Essayist • Teacher • Attorney

Packing for the Ineffable

Apr 11th, 2007

A few years ago, Ms. Jacobs’s stepson secretly quit college and enlisted in the U.S. Marine Corps. In this essay, she recounts the dilemma she faced in selecting a gift for him to take to Iraq. It was previously published in The New York Times:

I have a photograph of the guns he packed. Apparently, it is true that a rifle is a marine’s best friend. Greg will travel, indeed sleep, with his weapons. My husband snapped the photo and e-mailed it from North Carolina, right after he put Greg on the bus that took him to the airstrip where he began his journey to Iraq.

We are now 48 hours into a 210-day tour. I write “we,” though it is Greg, our 19-year-old son, who will actually serve the time. And I include myself in the equation, although I am not related to Greg by blood, having met and married his father only six years ago.

What do you give to a soldier bound for Iraq?

Each soldier is limited to a knapsack and two sea bags—what civilians would call duffels. Space is tight. Once Greg packed his firearms, there was hardly room for any of the other paraphernalia that might make seven months in Iraq bearable, assuming that such a thing is possible.

I am not there for the send-off, but confident that he made room for his iPod. “I would lose my mind without it,” he told me during his last visit home. “What makes you think you won’t lose your mind anyway?” I wanted to ask. But that is exactly the kind of thing I can never say.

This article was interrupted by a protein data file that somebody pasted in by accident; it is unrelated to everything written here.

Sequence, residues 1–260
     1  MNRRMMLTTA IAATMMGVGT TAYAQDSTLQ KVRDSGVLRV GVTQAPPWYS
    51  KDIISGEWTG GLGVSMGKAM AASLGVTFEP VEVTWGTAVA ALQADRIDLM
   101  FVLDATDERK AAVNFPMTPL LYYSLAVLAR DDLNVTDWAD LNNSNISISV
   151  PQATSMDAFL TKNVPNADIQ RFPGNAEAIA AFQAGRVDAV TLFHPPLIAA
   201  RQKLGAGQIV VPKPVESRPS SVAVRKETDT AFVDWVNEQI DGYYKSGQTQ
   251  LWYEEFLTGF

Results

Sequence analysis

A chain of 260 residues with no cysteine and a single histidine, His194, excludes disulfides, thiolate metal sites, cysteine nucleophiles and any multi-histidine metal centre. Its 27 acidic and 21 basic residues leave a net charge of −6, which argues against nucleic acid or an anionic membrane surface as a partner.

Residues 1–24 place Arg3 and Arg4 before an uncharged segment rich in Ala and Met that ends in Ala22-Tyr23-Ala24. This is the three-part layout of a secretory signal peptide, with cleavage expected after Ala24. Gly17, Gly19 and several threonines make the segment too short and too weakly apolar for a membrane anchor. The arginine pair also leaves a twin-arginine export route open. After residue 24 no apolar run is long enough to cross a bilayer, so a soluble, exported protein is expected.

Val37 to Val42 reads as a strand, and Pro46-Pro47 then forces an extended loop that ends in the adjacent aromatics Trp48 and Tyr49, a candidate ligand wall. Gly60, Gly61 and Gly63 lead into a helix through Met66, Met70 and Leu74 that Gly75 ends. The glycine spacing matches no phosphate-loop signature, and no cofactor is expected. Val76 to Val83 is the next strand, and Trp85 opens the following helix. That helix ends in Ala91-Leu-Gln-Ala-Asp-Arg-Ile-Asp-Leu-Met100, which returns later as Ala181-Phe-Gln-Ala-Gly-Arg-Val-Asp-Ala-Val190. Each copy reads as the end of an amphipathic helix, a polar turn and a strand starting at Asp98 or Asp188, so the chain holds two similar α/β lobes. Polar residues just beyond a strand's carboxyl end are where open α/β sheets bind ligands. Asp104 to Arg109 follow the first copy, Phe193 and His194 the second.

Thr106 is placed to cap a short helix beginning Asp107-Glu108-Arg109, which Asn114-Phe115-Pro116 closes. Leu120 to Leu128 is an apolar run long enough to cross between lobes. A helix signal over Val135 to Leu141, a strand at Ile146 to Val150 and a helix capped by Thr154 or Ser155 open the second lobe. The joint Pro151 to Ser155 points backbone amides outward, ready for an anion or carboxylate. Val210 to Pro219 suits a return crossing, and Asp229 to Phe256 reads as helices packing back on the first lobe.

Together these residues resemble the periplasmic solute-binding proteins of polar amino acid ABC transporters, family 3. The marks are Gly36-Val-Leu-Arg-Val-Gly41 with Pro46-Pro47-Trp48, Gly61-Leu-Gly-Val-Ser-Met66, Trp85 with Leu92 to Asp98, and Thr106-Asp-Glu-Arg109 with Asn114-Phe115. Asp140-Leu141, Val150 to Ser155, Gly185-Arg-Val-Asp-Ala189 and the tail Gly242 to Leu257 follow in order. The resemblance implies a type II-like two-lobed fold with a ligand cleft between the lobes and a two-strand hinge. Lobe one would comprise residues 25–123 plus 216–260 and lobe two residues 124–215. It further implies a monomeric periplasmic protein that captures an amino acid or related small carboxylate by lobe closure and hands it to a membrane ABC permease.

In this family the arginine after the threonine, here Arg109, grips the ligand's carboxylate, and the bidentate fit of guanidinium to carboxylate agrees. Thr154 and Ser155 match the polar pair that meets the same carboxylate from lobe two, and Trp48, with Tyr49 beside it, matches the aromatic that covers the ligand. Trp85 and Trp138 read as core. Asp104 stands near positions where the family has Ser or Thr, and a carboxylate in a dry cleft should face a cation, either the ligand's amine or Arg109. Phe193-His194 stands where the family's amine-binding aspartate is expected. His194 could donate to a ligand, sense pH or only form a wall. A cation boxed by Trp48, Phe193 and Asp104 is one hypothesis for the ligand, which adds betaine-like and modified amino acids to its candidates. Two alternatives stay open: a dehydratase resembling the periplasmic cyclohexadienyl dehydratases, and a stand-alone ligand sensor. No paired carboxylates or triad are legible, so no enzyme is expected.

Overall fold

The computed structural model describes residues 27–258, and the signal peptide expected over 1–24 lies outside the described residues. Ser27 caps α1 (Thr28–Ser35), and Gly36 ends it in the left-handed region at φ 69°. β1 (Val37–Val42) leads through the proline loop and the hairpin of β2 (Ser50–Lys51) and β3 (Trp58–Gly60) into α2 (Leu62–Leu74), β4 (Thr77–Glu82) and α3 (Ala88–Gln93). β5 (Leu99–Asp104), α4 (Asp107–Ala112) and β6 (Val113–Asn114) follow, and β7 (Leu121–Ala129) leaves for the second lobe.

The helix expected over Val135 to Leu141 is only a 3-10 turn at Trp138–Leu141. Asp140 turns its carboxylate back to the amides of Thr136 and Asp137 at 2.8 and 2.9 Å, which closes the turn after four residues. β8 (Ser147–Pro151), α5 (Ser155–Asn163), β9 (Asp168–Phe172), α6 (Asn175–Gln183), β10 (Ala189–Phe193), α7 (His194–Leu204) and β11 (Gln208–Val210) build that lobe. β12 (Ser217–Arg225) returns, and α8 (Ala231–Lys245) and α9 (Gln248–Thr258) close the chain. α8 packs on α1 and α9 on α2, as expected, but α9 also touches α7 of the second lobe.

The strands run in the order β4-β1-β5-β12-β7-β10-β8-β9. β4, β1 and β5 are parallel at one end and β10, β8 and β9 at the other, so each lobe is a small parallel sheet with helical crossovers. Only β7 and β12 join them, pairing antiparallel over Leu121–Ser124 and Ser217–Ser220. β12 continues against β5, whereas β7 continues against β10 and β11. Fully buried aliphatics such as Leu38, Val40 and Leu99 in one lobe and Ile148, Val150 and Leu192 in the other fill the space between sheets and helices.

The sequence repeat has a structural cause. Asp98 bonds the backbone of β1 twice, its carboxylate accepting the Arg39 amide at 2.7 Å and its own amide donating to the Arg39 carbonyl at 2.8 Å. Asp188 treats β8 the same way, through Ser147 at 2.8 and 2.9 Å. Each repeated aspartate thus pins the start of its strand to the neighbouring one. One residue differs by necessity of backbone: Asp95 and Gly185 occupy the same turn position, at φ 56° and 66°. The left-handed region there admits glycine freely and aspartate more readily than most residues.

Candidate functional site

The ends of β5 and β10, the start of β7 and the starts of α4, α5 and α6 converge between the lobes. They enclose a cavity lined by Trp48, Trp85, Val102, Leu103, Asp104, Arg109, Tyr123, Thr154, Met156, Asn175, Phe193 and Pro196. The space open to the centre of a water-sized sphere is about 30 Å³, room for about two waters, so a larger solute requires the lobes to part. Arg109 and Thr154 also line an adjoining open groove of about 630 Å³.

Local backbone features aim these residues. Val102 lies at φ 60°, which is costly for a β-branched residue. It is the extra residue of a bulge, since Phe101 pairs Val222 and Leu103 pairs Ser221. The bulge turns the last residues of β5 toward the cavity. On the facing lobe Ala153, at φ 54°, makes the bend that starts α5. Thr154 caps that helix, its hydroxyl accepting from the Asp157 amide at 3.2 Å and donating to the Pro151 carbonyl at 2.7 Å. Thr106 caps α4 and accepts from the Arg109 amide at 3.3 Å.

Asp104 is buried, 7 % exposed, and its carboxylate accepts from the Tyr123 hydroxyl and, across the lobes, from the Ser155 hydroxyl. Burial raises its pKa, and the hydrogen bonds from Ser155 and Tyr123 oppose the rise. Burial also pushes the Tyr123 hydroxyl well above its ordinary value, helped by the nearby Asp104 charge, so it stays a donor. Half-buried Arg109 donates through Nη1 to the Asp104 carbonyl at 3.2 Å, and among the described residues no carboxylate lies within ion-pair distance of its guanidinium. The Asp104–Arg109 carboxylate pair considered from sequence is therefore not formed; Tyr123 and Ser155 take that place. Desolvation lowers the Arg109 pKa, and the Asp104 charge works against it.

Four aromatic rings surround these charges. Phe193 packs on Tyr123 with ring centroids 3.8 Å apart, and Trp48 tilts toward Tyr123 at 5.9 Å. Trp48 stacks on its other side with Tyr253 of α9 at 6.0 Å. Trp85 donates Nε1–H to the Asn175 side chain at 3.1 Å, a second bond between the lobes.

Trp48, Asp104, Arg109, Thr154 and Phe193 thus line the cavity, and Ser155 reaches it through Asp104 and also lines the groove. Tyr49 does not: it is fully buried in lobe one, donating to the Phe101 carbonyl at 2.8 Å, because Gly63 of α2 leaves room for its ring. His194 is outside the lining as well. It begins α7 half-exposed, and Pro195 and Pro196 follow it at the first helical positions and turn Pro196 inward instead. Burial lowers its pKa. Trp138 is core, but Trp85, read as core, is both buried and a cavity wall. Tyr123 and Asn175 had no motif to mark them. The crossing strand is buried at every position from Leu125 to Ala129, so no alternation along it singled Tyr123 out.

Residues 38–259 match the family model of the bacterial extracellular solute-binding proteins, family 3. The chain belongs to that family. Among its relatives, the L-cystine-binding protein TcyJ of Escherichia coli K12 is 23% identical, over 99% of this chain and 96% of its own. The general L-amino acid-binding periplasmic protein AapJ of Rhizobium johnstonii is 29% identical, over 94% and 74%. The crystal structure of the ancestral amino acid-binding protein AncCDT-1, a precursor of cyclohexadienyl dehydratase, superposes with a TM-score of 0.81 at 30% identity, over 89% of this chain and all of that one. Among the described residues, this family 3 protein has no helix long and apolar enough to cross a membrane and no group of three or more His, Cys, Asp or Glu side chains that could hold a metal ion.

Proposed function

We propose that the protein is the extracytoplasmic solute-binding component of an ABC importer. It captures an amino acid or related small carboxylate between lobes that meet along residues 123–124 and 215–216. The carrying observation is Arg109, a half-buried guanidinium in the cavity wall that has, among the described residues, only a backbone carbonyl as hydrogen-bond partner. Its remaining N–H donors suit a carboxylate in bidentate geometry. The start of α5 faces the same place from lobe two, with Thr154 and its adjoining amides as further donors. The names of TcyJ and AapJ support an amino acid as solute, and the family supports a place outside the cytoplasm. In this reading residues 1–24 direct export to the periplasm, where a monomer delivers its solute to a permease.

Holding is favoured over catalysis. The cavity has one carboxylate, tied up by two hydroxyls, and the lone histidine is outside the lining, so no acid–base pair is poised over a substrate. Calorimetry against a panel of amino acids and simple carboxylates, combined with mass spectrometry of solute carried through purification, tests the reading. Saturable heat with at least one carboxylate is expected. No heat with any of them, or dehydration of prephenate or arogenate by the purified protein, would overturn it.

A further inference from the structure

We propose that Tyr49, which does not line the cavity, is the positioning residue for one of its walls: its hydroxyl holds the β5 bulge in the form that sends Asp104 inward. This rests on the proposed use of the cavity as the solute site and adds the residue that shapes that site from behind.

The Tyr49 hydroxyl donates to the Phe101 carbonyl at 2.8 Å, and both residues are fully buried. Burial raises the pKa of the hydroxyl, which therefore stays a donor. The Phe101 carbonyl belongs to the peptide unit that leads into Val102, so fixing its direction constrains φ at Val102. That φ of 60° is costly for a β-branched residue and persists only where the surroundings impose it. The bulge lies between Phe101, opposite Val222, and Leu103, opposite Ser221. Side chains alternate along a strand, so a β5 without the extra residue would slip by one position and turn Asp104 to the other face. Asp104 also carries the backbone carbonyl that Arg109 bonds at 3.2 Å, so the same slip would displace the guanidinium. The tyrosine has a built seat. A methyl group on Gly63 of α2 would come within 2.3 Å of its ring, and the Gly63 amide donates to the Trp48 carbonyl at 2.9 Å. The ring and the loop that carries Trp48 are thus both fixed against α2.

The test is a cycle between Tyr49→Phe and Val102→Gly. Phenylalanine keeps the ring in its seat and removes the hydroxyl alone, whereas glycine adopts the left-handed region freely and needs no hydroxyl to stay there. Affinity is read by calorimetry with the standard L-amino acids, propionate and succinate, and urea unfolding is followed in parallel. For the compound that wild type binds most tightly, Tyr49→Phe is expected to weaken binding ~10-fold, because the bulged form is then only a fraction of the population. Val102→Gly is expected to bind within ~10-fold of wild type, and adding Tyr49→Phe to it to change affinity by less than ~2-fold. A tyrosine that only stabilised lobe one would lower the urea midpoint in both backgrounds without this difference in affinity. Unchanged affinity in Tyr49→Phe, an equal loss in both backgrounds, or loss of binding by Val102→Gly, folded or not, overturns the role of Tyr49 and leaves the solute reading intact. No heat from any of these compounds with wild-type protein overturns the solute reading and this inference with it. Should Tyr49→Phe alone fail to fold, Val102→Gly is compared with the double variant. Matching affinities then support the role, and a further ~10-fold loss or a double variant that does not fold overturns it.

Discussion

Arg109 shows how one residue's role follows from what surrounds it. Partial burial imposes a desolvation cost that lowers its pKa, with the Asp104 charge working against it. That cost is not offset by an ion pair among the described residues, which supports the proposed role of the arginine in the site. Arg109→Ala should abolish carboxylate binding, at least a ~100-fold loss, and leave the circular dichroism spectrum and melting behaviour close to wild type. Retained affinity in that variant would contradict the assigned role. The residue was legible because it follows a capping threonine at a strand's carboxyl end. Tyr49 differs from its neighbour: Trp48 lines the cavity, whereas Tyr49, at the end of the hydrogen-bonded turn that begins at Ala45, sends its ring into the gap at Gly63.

My husband reports that Greg took a stack of DVD’s to play on his laptop, another piece of electronic equipment that he presumably managed to cram into his bags. But I have few details. I do not know, for example, whether he chose comedies or combat films to while away the downtime, if such a thing exists.

And I know precious little about what else he stuffed into his bags. Just as well, I think. It would be all too reminiscent of Tim O’Brien’s The Things They Carried, a book that I picked up and then put down somewhere around Page 10. Right after the nervous guy who carried the tranquilizers took a bullet in the head. Besides, if he doesn’t make it, we’ll know soon enough what he carried. Don’t they send the stuff home?

Sometimes, however, curiosity gets the better of me. And then I wonder if the three items I sent made the cut.

Choosing those articles was tricky. What do you give to a young man who has decided to put himself in harm’s way? It must be small, it must be light, and it must be thoughtful. And because I am only his stepmother, it cannot be overly sentimental. Technically speaking, I do not have a place card at this party. I would be wise to tread lightly. So I opt for a prayer, a book, and a journal, which, in a lighter moment, my husband predicts will come home still encased in its shrink-wrap. I accept the teasing with good humor, and laugh. That’s O.K., as long as Greg doesn’t come home wrapped in anything.

At Christmas, Greg casually mentioned that when this is all over, he wants to climb Mount Everest. “Sounds like a good plan,” my husband replied. Sounds like another ridiculously dangerous decision.

But I keep quiet, switch lenses, and refocus on my stepson’s optimism and on his unspoken assumption that he will come home in one piece. Healthy enough to undertake such an arduous expedition. And that premise makes selecting a book easy.